As the preferred second (or third) home of many of the country’s richest people, with a proliferation of high-end retailers, a toehold in South America (where some of the best ponies are raised) and an aura of glam, Miami Beach is a natural place for a polo showdown.
Now entering its 10th year, the Miami Beach Polo World Cup has proven that the sport of kings reigns in South Florida.
The event attracts about 10,000 people for four days of men’s and women’s tournaments between professional polo players from as far away as Russia, Switzerland and Malaysia, as well as the best from this hemisphere. The event returns to the sands of South Beach (off Collins Avenue between 20th and 22nd streets) Thursday through Sunday with all the standard sideshows — fashion shows, VIP events, a retail village and even a luxury car show — to celebrate 10 years of horseplay.
Tommy Kato, a veteran polo player and captain of the Merchant Hub team, has witnessed the tourney’s growth over the past decade. “It’s evolving, visually, the way the arena is set up, the people you get coming in to watch, the legendary world-class players who come to play,” he said. “For equestrian lovers, it’s a big deal.”
The main strides that Miami Beach Polo has made, Kato says, are in the quality of the players, the staging of the arena and the way the teams are put together. Players have developed strategies for playing in beach sand, and Kato thinks this year’s roster is evenly matched. “It’s going to depend on who brings which horse,” he said. “The horses are going to make the difference.”
Thursday will start with eight women’s teams in a one-day series of round-robin matches, which will feature top-rated challengers like Maggie McNamara, Tara Lordi, Cristina Hosmer, Laura Willson, Cary Campbell and Posey Obrecht.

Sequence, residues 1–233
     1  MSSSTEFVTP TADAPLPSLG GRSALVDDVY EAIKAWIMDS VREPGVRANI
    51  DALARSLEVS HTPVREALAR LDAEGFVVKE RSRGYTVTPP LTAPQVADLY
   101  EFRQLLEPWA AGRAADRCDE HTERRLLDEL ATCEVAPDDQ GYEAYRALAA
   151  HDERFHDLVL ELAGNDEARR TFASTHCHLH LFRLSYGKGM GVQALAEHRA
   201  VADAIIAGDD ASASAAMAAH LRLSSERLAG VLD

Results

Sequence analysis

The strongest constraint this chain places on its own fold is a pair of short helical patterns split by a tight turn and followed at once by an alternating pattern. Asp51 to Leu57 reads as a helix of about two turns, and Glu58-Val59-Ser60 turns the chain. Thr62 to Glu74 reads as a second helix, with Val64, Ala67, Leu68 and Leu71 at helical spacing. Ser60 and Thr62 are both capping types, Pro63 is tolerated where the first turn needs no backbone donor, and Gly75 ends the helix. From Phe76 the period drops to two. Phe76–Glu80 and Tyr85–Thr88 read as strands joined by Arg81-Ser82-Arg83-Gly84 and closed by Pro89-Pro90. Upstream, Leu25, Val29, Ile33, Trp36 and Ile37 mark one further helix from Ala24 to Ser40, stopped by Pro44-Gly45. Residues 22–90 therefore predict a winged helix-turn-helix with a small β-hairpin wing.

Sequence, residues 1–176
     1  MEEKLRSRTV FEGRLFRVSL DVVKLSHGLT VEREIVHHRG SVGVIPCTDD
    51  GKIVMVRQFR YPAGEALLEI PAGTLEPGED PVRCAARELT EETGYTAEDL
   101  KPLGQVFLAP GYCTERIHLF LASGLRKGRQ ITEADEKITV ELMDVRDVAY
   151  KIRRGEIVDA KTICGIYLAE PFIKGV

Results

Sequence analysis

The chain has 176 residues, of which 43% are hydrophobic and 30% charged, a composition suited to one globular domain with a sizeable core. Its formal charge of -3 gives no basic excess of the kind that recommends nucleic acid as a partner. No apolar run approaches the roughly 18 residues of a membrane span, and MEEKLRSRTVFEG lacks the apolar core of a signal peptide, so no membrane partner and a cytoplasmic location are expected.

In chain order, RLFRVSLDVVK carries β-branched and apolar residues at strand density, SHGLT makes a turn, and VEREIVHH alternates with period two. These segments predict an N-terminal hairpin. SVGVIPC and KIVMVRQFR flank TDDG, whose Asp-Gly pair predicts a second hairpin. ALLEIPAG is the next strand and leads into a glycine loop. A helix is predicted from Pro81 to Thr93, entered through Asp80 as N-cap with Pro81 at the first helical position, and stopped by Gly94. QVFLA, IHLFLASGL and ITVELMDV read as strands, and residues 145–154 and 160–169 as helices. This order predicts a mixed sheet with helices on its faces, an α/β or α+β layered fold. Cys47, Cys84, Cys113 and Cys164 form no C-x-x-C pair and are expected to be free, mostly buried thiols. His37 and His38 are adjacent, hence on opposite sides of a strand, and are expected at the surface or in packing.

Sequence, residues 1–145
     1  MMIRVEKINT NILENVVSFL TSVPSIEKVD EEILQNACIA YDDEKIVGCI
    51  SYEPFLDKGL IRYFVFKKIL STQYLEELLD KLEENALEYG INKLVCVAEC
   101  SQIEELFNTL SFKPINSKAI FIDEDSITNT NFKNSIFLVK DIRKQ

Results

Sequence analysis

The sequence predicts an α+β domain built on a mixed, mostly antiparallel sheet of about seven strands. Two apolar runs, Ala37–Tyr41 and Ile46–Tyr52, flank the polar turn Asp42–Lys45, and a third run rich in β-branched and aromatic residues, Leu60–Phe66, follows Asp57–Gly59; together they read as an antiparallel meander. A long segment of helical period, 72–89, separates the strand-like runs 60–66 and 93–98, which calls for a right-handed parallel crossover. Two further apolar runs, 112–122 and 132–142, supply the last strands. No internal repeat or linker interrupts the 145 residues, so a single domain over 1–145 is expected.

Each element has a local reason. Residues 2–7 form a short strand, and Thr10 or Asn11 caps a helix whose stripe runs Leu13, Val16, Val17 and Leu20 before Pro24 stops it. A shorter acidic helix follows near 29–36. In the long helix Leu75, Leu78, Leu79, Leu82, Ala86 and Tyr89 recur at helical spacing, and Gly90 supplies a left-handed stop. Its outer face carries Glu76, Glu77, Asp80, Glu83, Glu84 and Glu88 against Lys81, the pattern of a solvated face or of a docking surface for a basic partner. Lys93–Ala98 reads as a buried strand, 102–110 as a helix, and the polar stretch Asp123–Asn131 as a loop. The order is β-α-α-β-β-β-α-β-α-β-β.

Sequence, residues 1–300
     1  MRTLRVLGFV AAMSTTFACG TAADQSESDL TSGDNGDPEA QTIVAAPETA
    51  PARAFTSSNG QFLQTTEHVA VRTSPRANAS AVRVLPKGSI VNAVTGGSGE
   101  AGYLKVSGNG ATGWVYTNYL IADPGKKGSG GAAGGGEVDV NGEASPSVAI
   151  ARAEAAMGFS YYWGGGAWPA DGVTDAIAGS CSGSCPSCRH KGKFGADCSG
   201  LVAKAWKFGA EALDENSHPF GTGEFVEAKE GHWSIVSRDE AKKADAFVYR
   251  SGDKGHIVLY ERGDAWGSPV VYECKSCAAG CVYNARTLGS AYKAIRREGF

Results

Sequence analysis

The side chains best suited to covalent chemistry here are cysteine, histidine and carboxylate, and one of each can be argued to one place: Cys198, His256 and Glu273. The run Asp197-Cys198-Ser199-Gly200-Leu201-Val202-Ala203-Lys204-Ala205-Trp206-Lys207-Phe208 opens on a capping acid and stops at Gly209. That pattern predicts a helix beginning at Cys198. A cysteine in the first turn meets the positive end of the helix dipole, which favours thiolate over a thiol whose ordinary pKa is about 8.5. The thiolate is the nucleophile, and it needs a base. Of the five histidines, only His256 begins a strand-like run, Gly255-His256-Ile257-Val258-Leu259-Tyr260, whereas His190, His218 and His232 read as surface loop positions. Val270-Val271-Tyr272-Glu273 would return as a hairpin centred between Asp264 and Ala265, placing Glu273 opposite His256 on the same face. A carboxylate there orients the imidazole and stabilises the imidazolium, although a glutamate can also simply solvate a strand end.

The men’s tournament will start Friday with six teams that include some of the world’s top-ranked players, including Miami Beach Polo’s only 10-goaler, Matias Magrini, three-time MVP John Gobin, Luis Escobar, Brandon Phillips, Juan Monteverde, Gringo Colombres and Guille Usandizaga.
Friday’s matches will also include a homage to polo legend Carlos Gracida, the Mexican-born player who died last February when he was thrown from his horse during a match at the Everglades Polo Club in Wellington. The 53-year-old was a nine-time U.S. Open Polo Championship winner and one of the sport’s most respected figures. His son Carlitos Gracida will compete in the tournament as well.
The annual fashion show by La Martina in the VIP tent will take place Saturday afternoon, and guests can enjoy Sunday’s “Brunch on the Beach” hosted by celebrity chef Michelle Bernstein, also in the VIP tent. Auto Art Miami, a curated installation of some of the world’s most luxurious automobiles, will display 50 automobiles valued at over $100 million from 11 a.m. to 5 p.m. Sunday in Collins Park.
The list of VIP parties is pretty packed, but Kato is confident that the players won’t be too wiped out to indulge.
“Polo players will having the best time,” he said. “We’ll see them dancing on the tables.”